Dodgers’ stars may need time to jell

WARNING: The theory that I am about to advance cannot be quantified. But in the spirit of baseball bi-partisanship, I urge the statistically inclined to read to the end, then pause 10 seconds for reflection before bombarding me with any dismissive tweets.

The theory is this: The Los Angeles Dodgers have not yet jelled, and might not jell until next season, after their players have experienced a pennant race together and bonded over a full spring.

Yes, I’m talking about chemistry. Cohesiveness. Intangibles. All of those funky things that a computer cannot measure. All of those funky things that make the sport an enduring mystery, yet drive the statistically inclined to distraction.

I can’t fall too in love with my theory, not when the Dodgers can disprove it at any moment, starting this weekend when they visit the San Francisco Giants in a pivotal NL West showdown (Saturday, MLB on FOX, 4:10 p.m. ET).

But seriously, what other explanation is there for the Greatest Lineup Ever Slapped Together producing only 20 runs in the Dodgers’ seven-game homestand against the Arizona Diamondbacks and San Diego Padres?

How else can one account for the Dodgers being only 5-7 since acquiring first baseman Adrian Gonzalez and right-hander Josh Beckett from the Boston Red Sox — after acquiring shortstop Hanley Ramirez from the Miami Marlins and left fielder Shane Victorino from the Philadelphia Phillies?

Those luminaries aren’t the Dodgers’ only additions since the final week of July; the club also added infielder Nick Punto and injured outfielder Carl Crawford from the Red Sox and right-hander Joe Blanton from the Phillies, left-handed reliever Randy Choate from the Marlins and right-handed reliever Brandon League from the Seattle Mariners. The team’s latest newcomer, right-handed reliever Paco Rodriguez, most recently was with the University of Florida, and is the first 2012 draft pick to reach the majors.

We’re talking about huge turnover, perhaps unprecedented turnover for a contender. And club officials privately acknowledge that the team’s sluggish, inconsistent play after the massive overhaul might be attributable to the players’ unfamiliarity with one another.

Those officials believe other factors also are in play. Hitters facing increased expectations, trying to do too much, taking ill-advised swings at pitches that they cannot handle. Pitchers such as right-hander Chad Billingsley, left-hander Ted Lilly and righty reliever Kenley Jansen being physically unable to contribute — though Lilly and Jansen could return, both in the bullpen, later this month.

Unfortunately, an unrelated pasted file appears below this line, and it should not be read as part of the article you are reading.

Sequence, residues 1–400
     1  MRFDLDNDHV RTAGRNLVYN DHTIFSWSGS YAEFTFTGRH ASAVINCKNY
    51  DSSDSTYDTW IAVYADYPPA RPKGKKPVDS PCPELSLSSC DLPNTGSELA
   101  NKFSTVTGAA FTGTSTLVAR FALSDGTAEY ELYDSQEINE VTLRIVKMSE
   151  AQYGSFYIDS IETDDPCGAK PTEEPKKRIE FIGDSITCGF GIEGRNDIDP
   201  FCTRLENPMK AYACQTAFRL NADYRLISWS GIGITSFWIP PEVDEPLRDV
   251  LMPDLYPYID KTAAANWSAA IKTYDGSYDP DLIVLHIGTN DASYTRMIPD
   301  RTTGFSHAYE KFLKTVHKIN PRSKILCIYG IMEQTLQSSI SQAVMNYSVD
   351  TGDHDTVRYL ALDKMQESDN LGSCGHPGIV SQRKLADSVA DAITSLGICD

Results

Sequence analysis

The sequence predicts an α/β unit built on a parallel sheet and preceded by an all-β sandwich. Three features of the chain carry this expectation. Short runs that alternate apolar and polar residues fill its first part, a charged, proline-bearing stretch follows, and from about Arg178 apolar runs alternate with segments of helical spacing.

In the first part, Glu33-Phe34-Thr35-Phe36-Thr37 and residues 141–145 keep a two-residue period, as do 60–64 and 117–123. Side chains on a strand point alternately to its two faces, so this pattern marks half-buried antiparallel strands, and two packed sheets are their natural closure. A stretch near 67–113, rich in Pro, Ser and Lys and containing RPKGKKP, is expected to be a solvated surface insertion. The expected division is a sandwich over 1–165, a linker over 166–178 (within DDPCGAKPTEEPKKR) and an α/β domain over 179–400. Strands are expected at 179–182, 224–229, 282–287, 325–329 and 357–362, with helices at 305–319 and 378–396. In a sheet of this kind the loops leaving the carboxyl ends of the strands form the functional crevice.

Teams never struggle for just one reason. The Dodgers’ new lineup is so formidable on paper, no one should be surprised if the club goes on a tear the rest of the way. Yet, at the time of year when a team’s espirit d’corps matters most, the Dodgers are still learning about each other. The newcomers are still getting accustomed to manager Don Mattingly and his staff, not to mention a new city and in some cases, a new league.

It’s the same phenomenon that free agents experience when they change teams, only multiplied. Ask Albert Pujols, who didn’t immediately produce with the Los Angeles Angels. Ask Adam Dunn, who needed a full season to adjust with the Chicago White Sox. Ask Crawford, who might never have grown comfortable with the Red Sox, and will stand a better chance next season with the Dodgers when he recovers from Tommy John surgery.

One executive likened the Dodgers’ predicament to that of Team USA in the World Baseball Classic; Team USA is a hastily assembled All-Star squad, while the rosters of countries such as Japan and Korea often include many players who previously competed together on the international stage.

The New York Yankees, of course, are an exception, frequently pulling players from other clubs yet contending season after season. The influence of shortstop Derek Jeter is one reason why the Yankees make it work — he sets a powerful example, and his teammates fall into line. But even the Yankees’ world would be rocked if they flipped nearly one-third of their roster at midseason. The same goes for the Texas Rangers, another team with a strong clubhouse culture.

Every team experiences turnover, but every team also draws from its shared experiences. Thirteen current Giants were part of the club that won the 2010 World Series. There is value in that. A number of contenders, most notably the Tampa Bay Rays, are built around homegrown players who share a history dating back to the minors. There is value in that, too.

How much value? No one can say. But some Dodgers officials believe that the team will be better next season, and not simply because of the return of Crawford, who likely will replace Victorino. None of the Dodgers’ major offensive additions is older than 31. And next spring, all of the new players will be together under Mattingly, whom the Dodgers are counting on to massage all the egos and form a cohesive unit.

Which isn’t to say the Dodgers won’t rally for a playoff berth this season; any team with Gonzalez, Ramirez, Matt Kemp and Andre Ethier in the middle of its order is capable of terrific things. All I’m saying is that if the Dodgers fall short, it will illustrate the difficulty of building a contender on the fly.

That’s my theory, and I can’t quantify it, can’t prove it. All I know is, the games aren’t played on paper or on a computer. They’re played by individuals, and the relationships between those individuals can influence the team’s overall dynamic and quite possibly its performance.

OK, time for your 10-second pause. Think about what I’m saying. And tell me, with the absolute certainty that the statistically inclined crave, that I am wrong.